Power Grid Investments Improve Reliability and Make Blackouts Less Likely

While power outages are not uncommon in the U.S., widespread blackouts that last more than a couple of hours are pretty rare. However, this summer marks the 20th anniversary of one of the most significant blackouts in North American history. The incident didn’t just affect the U.S., but also major parts of Canada.

The blackout occurred on Aug. 14, 2003. The History Channel reports it began at 4:10 p.m. EDT, when 21 power plants shut down in just three minutes. Fifty million people were affected, including residents of New York City, Cleveland, and Detroit, as well as Toronto and Ottawa, Canada, among others. Although power companies were able to resume some service in as little as two hours, power remained off in other places for more than a day. The outage stopped trains and elevators, and disrupted everything from cellular telephone service to operations at hospitals and traffic at airports.

How the Blackout Affected New Jersey

“It was close to quitting time in the afternoon, and given the warm weather in the middle of the summer and thunderstorm season, our system was holding up well. I was looking forward to actually leaving on time for a change,” Paul Toscarelli, senior director of Electric Transmission and Distribution (T&D) Operations for the Palisades Division with Public Service Electric and Gas (PSE&G), New Jersey’s largest utility, said as a guest on The POWER Podcast. Toscarelli was an engineer assigned to one of PSE&G’s regional distribution divisions at the time and was in the distribution dispatch office when the incident occurred. He recalled the event quite vividly.

“We were coming up around the second anniversary of 9/11, as I recollect, and just about everyone’s gut feel—instinctive feel—was this was another kind of terrorist attack,” Toscarelli said. “Looking back at it, it was very strange to recollect how relieved we were to find out it was just a widespread system outage of epic proportions.”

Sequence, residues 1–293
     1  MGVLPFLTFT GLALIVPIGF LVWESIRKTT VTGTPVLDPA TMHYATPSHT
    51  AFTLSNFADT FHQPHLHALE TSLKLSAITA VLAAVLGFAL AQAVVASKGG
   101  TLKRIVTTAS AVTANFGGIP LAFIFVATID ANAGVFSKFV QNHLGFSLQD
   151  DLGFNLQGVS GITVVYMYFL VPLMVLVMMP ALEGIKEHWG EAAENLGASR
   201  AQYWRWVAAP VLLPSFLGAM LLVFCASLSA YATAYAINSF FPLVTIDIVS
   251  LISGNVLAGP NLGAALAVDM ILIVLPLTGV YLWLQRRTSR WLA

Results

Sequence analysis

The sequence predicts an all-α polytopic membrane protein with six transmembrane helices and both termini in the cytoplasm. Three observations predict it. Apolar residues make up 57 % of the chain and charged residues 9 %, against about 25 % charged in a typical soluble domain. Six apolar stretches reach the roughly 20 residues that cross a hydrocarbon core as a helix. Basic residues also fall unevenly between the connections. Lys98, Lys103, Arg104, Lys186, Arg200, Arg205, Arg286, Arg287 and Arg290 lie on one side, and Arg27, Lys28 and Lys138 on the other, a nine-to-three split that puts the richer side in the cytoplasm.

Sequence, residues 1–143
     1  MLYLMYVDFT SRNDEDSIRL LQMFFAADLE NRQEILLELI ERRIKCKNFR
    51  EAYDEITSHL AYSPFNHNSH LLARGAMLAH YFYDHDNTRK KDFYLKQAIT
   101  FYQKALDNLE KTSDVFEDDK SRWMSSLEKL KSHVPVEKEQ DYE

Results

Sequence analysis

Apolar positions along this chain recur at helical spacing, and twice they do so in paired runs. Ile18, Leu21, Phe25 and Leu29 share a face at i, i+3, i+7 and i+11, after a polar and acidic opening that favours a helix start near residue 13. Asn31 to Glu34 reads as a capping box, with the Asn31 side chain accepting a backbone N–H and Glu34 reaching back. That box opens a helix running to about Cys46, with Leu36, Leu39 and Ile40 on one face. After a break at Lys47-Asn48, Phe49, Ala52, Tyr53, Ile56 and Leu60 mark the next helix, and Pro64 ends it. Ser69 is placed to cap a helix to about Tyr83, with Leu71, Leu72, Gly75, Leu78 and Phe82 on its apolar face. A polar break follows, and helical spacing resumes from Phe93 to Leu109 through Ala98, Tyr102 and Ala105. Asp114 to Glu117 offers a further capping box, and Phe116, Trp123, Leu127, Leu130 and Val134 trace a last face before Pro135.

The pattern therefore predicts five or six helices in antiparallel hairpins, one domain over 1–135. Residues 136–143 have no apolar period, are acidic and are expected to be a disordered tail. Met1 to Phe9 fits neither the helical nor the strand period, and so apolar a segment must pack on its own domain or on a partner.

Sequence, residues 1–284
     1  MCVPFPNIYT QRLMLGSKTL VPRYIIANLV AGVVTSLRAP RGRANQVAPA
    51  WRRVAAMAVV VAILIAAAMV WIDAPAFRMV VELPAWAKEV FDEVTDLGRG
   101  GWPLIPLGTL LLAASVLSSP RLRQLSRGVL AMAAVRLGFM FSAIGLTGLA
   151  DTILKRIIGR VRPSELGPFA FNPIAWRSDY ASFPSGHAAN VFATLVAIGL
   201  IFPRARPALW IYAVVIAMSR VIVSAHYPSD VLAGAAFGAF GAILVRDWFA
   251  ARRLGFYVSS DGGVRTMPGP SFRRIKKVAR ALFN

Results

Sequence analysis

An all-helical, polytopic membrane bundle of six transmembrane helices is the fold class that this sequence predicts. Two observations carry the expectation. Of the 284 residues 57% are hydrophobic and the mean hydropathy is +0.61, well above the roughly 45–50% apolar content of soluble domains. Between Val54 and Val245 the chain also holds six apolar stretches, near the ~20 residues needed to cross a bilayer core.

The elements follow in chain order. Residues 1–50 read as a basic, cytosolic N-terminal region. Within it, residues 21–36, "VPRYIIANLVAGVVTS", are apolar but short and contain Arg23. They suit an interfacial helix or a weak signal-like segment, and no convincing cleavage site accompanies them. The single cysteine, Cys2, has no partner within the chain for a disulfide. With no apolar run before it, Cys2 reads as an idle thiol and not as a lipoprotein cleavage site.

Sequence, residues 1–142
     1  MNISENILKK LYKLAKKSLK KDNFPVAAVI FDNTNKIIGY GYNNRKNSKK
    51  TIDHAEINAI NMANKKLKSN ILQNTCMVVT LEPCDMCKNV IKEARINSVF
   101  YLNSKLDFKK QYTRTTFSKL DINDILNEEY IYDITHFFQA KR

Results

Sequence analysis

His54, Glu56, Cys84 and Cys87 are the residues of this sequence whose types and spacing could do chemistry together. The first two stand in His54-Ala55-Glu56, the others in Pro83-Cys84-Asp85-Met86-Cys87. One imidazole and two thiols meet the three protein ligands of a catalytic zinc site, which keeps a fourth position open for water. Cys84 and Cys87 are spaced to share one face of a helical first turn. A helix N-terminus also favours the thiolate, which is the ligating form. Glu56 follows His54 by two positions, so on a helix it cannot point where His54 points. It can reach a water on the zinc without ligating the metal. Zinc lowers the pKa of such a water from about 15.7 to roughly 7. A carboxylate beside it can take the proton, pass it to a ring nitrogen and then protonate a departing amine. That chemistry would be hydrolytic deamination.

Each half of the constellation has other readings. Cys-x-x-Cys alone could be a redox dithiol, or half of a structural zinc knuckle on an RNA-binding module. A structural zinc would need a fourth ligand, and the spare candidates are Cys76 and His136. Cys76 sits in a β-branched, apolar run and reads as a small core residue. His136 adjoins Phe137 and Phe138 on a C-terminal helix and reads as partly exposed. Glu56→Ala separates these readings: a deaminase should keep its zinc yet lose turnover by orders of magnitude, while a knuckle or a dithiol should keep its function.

Of the 750,000 PSE&G customers that lost power that day, nearly three-quarters were back online within five hours and virtually all had service by noon the next day. PSE&G said diversification and design protections helped to contain the outage, and the company was safely able to reenergize the system circuit by circuit.

Lessons Learned from the Blackout

“The industry learned a lot about the electric system vulnerabilities,” said Toscarelli. Based on studies of the incident, the North American Electric Reliability Corporation (NERC) enhanced its standards in an effort to prevent future blackouts.

“The standards for operational performance specifically targeted transmission right-of-way vegetation management as a key area. Electric system operating knowledge and training by system operators, real-time situational awareness, and electric system protection and controls were some of the main contributors,” Toscarelli said. “We also can contribute the need for strong facility rating standards on our equipment and the reporting of system abnormalities quickly to regional system operators as other contributing factors.”

Investments to Prevent Future Blackouts

Since the 2003 blackout, PSE&G has spent billions of dollars to further enhance the reliability and resiliency of its T&D systems with the aim of mitigating future outages. In fact, the company’s planned capital expenditures this year are the largest in the utility’s history—more than $3.5 billion.

Among the projects PSE&G expects to complete in 2023 is a Newark Switch Rebuild Project. The Newark Switching Station is the heart of the company’s Newark T&D network. The $350 million project will modernize aging infrastructure that was put into service in 1957.

Another example is the $550 million Roseland-Pleasant Valley Project, which was completed in May and was one of PSE&G’s largest transmission projects to date. The 51-mile undertaking replaced transmission facilities that were, on average, about 90 years old.

PSE&G is also expanding its 69-kV network statewide. “We have completed a number of substation hardening and transformer replacement projects to maintain reliability and have completed circuit upgrades to improve the reliability of 561 distribution circuits that serve over 1.1 million customers across the state,” the company said.

“Infrastructure continually ages. It’s our job as the stewards of our system to monitor the usage of our equipment, inspect it, maintain it, and replace it where it’s deemed necessary, in a timely manner, and continuously repeat that process,” said Toscarelli. “We have an asset management model that involves risk assessment and risk scoring, and it lets us stay in the forefront of this.”

To hear the full interview with Toscarelli, which includes details about PSE&G’s monitoring and communications processes, technology that enhances system operations, advice on how to prepare for potential power outages and emergencies, and much more, listen to The POWER Podcast. Click on the SoundCloud player below to listen in your browser now or use the following links to reach the show page on your favorite podcast platform:

For more power podcasts, visit The POWER Podcast archives.

Aaron Larson is POWER’s executive editor (@AaronL_Power, @POWERmagazine).

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